25 points
    • , 2 years ago

      I concur and that is the point of asking "How...when?"

      It's 2015, man and Invision is painting a picture that never really existed of America, and not holistic of the design industry.

      10 points
    • Ix TechauIx Techau, 2 years ago

      Why would diversity matter? Their ethnic background or gender has nothing to do with what they are saying. They didn't choose to be white, nor did they choose to be male. Should they actively say no to work because they are white males, for the greater good of diversity?

      Why should the makers of the documentary spend extra time and money on looking for diversity, what is the actual benefit? They're not saying all designers are white, nor do they insinuate it. And frankly I don't think they care about what skin colour these people have.

      16 points
      • Drew AlbinsonDrew Albinson, 2 years ago (edited 2 years ago )

        The benefit is that we end up with a design community which reflects the makeup of the real national/global community which includes women (and other non-cisgender identity) and people of color. If these individuals are not represented (or empowered to reach the positions in which they may represent themselves) how are they supposed to feel like this industry values, respects, or is safe for them? Beyond the ethics here, focusing on effective design (and especially UX design)'s need for empathy and understanding user contexts, race and gender cannot and should not be underrepresented within the design sphere if we want to create experiences which are effective and inclusive. If one designs something which caters towards white males because the designer was a white male and isn't aware of their own ignorance or exposed to other kinds of individuals in the design community, the product will provide an advantage towards white males which perpetuates longstanding inequality.

        16 points
      • , 2 years ago

        "We have to constantly critique imperialist white supremacist patriarchal culture because it is normalized by mass media and rendered unproblematic.” -Bell Hooks

        9 points
        • Floyd WilliamsonFloyd Williamson, 2 years ago (edited 2 years ago )

          "[I'm] sitting beside an anonymous white male that [I] long to murder" - Bell Hooks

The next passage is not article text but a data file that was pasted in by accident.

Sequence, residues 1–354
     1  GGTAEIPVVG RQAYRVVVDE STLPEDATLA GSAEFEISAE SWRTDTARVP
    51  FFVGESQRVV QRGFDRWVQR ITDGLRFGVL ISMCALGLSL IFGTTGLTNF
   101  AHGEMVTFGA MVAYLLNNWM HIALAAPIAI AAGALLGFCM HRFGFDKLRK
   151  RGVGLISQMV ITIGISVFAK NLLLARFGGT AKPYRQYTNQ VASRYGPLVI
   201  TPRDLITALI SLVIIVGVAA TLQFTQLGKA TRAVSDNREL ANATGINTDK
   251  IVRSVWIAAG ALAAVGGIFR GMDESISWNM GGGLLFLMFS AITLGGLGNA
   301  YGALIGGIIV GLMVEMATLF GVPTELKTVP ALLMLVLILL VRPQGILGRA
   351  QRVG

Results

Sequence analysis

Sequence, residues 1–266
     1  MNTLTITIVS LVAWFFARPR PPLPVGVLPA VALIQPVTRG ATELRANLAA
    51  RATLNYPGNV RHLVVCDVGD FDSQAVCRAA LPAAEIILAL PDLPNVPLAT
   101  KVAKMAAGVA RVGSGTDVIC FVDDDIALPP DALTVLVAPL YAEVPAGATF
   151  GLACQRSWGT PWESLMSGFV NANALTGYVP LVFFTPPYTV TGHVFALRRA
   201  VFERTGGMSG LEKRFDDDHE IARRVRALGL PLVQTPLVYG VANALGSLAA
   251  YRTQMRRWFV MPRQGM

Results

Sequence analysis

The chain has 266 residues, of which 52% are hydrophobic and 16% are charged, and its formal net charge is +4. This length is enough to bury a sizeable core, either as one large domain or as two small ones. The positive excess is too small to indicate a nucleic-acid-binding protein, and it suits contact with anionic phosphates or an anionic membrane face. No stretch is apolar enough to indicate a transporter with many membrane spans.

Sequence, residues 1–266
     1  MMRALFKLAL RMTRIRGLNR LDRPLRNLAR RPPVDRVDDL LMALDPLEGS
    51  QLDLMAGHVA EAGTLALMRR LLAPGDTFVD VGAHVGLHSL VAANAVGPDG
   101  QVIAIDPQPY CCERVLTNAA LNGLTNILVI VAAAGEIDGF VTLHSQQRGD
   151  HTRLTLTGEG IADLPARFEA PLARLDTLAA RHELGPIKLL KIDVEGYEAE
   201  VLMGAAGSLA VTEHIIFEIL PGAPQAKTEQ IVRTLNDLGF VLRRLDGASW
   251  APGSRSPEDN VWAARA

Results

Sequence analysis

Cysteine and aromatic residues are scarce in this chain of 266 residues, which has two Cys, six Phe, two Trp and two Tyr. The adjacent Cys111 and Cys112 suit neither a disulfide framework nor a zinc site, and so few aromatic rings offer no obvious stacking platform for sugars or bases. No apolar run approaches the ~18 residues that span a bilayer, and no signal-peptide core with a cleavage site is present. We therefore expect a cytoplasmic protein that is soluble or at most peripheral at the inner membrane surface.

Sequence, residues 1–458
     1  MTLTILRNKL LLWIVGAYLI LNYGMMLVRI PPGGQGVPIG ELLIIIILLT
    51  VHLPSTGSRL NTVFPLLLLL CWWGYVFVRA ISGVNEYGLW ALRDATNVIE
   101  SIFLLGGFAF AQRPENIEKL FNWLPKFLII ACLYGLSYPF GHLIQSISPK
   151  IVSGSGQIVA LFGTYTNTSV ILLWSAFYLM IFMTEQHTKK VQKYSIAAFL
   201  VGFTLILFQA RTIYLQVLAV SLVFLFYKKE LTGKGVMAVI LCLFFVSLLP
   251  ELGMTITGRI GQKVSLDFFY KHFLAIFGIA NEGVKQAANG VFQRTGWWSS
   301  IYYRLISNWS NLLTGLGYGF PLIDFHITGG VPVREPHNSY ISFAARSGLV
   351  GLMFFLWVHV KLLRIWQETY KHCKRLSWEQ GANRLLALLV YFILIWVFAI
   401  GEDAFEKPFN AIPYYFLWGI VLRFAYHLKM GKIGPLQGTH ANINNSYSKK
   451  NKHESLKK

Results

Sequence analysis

2 points
          • Jake Lazaroff, 2 years ago

            Yes, let's disregard valid points people have just because they happen to say something stupid as well!

            1 point
            • John LeschinskiJohn Leschinski, 2 years ago

              Hitler was an alright painter.

              1 point
            • Floyd WilliamsonFloyd Williamson, 2 years ago (edited 2 years ago )

              That's just it. A statement isn't automatically a valid point because you put quote marks around it.

              Especially when the person who thinks that there's an "imperialist white supremacist patriarchal culture," is an extreme racist herself. I'm pretty sure you don't take what other racists have to say about race relations very seriously, so I don't see what is different in this situation. Hooks has a bias far beyond what is reasonably healthy.

              So no, I don't think Hooks' statement is valid. It is hyperbolical lunacy.

              0 points
              • Jake Lazaroff, 2 years ago (edited 2 years ago )

                No one is agreeing that we have to critique white supremacist patriarchy because it has quotation marks around it. People are agreeing with it because it's true.

                0 points
          • , 2 years ago

            My quote was valid. This one is not. But hey, you're interested in proving another point (the author's credibility).

            I am not.

            1 point
      • Elliott PayneElliott Payne, 2 years ago

        If you only have white men designing things that are supposed to be all people, you end up with things like... in just one example... wallets designed to look like a gun holster.

        https://www.etsy.com/listing/88659431/vice-holster-walletcell-black?ga_order=most_relevant&ga_search_type=all&ga_view_type=gallery&ga_search_query=holster%20wallet&ref=sr_gallery_13

        I don't know what you are, but I'm pretty sure you're not a black man in America. And it turns out, you can get killed by the cops just for existing, let alone reaching into your wallet looking for a credit card.

        I'm honestly kind of surprised I have to spell this out to someone on a design forum (empathy, etc. etc.)

        10 points
  • Sacha GreifSacha Greif, 2 years ago (edited 2 years ago )

    So what's the perfect black/asian/latino/white/etc. ratio that properly "represents the community"? What's more, if the industry is made up mostly of white males, wouldn't "representing the community" mean featuring even less minorities? And when did Invision even claim to be representing the community in the first place?